Who Were Shakespeare's Children?

Shakespeare is a monument in literature, and it's easy to forget that he was, in fact, a man with an ordinary, workaday life. Don't believe the urban legends about Shakespeare not ever existing, or not writing his plays: we know plenty about the Bard's life. We know, for instance, that he was born on April 23, 1564, to a well-to-do glovemaker named John Shakespeare and his wife, Mary Arden, in Stratford (via the Folger Library). We know that he was acting in and producing plays in London by the time he was 28. We know when his first volumes were published, details of his real estate investments (including a villa in his home town), and what roles he played in his own plays (Hamlet, Othello, Richard III, according to the Royal Shakespeare Company). 

We also know about his family life. Shakespeare married 26-year-old Anne Hathaway (no, not that Anne Hathaway) when he was 18. She was already pregnant with their first child at the time of their wedding (per Folger Library); two more came later.

Susanna Shakespeare

The first of Shakespeare's children was a girl named Susanna. Her birth in 1583, just after her parents' wedding, may have provoked some mild scandal, but according to the Folger Library this was "a fairly common situation at the time."

We know very little about Susanna. According to the Shakespeare Trust, she married a doctor, John Hall, in 1607, with whom she had a daughter, Elizabeth. (Their home, Hall's Croft in Stratford upon Avon, is pictured above.) William Shakespeare chose the couple as the executors of his will, and left them most of his real estate investments, including the New Place villa in Stratford. As to her education, we know nothing. She could write her name, but it's not completely clear that she was literate. That may be surprising, given that he father was perhaps the greatest writer to ever live, but as the Folger Library points out, Shakespeare seems to have lived in London for most of his life, away from his wife and children. Susanna's home life may not have been any more intellectual and exciting than her neighbors'.

But people clearly saw something in Susanna. Toward her end of her life, she entertained Henrietta Marie, King Charles I's formidable French consort, at New Place. Perhaps the queen wanted to hear stories about her favorite author.

The twins: Hamnet and Judith

In 1585, Hathaway (above) gave birth to twins, a boy and a girl. They called the girl Judith and the boy Hamnet (via the Royal Shakespeare Company). Very little is known about the twins. Hamnet died at the age of 11; Judith lived in Stratford, marrying one Thomas Quiney at 31. Quiney was 26, according to the Shakespeare Trust, in a curious replication of her own parents' age discrepancy. Their marriage never lacked drama. Quiney had a lover who gave birth to his child, shortly after he and Judith married. The lady died in childbirth along with the child, and Quiney was condemned to a public, humiliating penance. But the couple would go on to have three sons of their own, of whom only the oldest — Shakespeare Quiney — lived to adulthood.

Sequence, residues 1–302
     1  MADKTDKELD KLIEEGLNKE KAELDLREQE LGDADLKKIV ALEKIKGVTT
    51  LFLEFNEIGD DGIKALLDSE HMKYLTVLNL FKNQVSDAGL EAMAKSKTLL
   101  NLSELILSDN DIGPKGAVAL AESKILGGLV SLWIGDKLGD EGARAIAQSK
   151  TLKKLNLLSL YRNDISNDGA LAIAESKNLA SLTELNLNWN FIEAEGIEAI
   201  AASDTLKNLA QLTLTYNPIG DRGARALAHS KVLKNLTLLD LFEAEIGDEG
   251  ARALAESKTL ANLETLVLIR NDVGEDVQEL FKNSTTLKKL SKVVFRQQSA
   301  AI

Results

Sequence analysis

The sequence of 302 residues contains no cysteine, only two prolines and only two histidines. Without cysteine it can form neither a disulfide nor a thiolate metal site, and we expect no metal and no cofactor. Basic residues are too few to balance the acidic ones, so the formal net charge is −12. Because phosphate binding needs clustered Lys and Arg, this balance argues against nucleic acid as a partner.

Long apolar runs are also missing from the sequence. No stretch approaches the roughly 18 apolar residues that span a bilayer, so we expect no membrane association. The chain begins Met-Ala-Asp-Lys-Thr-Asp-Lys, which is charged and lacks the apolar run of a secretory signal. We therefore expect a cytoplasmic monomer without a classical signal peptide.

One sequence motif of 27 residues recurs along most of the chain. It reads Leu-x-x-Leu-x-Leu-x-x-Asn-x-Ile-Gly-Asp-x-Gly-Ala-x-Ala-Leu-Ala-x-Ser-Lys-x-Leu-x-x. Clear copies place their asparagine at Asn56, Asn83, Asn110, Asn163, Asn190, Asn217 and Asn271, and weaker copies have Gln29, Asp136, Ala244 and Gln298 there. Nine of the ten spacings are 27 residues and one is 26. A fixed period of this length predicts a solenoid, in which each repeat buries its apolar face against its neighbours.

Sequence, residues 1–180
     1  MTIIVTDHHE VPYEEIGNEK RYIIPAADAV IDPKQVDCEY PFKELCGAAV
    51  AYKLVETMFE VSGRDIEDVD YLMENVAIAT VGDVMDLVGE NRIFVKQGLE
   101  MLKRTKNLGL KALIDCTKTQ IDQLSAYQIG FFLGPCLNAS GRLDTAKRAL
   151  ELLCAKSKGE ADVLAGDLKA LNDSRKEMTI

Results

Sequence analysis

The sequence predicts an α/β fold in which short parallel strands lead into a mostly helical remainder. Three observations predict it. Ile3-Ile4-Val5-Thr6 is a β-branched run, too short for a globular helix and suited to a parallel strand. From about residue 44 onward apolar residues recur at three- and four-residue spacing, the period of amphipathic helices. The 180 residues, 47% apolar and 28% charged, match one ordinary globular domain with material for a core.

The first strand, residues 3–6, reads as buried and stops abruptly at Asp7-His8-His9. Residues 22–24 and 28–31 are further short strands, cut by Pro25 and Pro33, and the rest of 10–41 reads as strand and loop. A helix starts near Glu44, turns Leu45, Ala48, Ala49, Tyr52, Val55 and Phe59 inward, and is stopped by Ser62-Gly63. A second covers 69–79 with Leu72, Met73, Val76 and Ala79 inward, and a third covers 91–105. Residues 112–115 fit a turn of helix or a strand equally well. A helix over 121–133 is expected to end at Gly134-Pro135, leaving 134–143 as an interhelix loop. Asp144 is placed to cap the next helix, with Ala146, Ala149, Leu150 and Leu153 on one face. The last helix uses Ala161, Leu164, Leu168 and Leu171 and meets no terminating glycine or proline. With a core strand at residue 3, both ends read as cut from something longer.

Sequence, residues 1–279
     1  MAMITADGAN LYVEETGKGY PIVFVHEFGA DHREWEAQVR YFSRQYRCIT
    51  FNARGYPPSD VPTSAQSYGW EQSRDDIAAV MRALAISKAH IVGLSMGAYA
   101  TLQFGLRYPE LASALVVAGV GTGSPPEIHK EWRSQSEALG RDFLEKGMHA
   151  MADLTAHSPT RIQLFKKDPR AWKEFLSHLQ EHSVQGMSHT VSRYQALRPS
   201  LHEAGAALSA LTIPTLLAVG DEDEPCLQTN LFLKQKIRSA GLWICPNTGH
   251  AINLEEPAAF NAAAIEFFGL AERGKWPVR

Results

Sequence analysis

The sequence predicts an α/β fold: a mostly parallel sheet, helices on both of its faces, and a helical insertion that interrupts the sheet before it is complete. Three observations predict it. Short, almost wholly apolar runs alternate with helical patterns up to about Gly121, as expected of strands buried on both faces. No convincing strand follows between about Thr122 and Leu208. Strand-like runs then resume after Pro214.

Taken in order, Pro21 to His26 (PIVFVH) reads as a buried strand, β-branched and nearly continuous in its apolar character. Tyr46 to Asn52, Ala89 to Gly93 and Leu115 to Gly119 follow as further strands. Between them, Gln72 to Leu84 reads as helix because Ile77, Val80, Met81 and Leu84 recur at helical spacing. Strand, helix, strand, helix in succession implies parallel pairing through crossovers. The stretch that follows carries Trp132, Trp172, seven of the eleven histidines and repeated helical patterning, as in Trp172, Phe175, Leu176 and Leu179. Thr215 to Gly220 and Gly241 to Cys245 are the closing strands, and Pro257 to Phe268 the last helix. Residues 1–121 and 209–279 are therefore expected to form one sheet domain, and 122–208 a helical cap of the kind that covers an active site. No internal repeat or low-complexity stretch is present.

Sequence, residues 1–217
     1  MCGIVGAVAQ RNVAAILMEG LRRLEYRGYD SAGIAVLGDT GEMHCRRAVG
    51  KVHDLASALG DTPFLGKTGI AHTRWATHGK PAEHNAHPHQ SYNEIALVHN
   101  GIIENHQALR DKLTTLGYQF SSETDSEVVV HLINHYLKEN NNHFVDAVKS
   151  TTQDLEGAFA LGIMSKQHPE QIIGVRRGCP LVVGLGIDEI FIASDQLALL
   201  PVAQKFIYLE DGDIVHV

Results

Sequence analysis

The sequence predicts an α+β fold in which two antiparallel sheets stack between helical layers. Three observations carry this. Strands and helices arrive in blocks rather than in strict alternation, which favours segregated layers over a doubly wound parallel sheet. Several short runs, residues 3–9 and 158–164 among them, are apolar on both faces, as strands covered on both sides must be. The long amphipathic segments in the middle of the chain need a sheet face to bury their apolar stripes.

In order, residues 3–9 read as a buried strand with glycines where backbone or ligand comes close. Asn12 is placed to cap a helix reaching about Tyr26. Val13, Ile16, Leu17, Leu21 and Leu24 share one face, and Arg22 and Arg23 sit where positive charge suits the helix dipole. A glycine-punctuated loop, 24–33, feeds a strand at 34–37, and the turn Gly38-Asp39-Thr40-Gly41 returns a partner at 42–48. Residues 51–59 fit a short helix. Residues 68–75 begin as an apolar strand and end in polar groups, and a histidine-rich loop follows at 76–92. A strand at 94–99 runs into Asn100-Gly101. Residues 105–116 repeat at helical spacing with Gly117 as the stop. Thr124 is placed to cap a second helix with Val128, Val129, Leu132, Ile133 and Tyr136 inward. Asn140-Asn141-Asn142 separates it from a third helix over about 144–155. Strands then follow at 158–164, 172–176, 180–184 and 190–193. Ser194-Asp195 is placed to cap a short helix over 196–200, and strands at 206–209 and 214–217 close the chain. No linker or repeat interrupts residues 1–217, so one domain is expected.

Hamnet remains a mystery. Many people have noted the similarity between his name and Shakespeare's most enduring character, Prince Hamlet. The connection seems to be coincidental; according to the Shakespeare Trust, Hamnet and Judith were named after two family friends, the Sadlers. But Hamnet's early death may have inspired one of the saddest passages in Shakespeare'e oeuvre, Constance's lament for her son in "King John":

"Grief fills the room up of my absent child / Lies in his bed, walks up and down with me / Puts on his pretty looks /... my fair son! / My life, my joy, my food, my all the world!"

Shakespeare's grandchildren

What happened to Shakespeare's grandchildren, the two who lived to adulthood? We have very few clues. According to the Shakespeare Birthplace Trust, Susannah's daughter, Elizabeth Hall, was baptized in February 1608, which means her grandfather likely watched her grow up. (Shakespeare died in 1616, when she was 8 years old.) He must have been fond of her: he left £150, a large sum, to be divided between her and her Aunt Judith. Elizabeth would marry twice, first to a man named Thomas Nash, then, after his death, to one Sir John Barnard, for whom she left her grandfather's villa at New Place in Stratford and moved to a manor in Northhamptonshire. She died in 1670.

Judith's son, Shakespeare Quiney, was born in 1616, so he never knew his grandfather. Very little is known about him. We don't even know when he died or if he married. The house where he presumably grew up, and where his father, Thomas Quiney, sold wine and tobacco, is still standing, according to the Shakespeare Blog. Judith would die in 1662, aged 72; the parish record of her death does not mention her son (via Folger Library). She likely had outlived her son, since her estate went to her brother-in-law.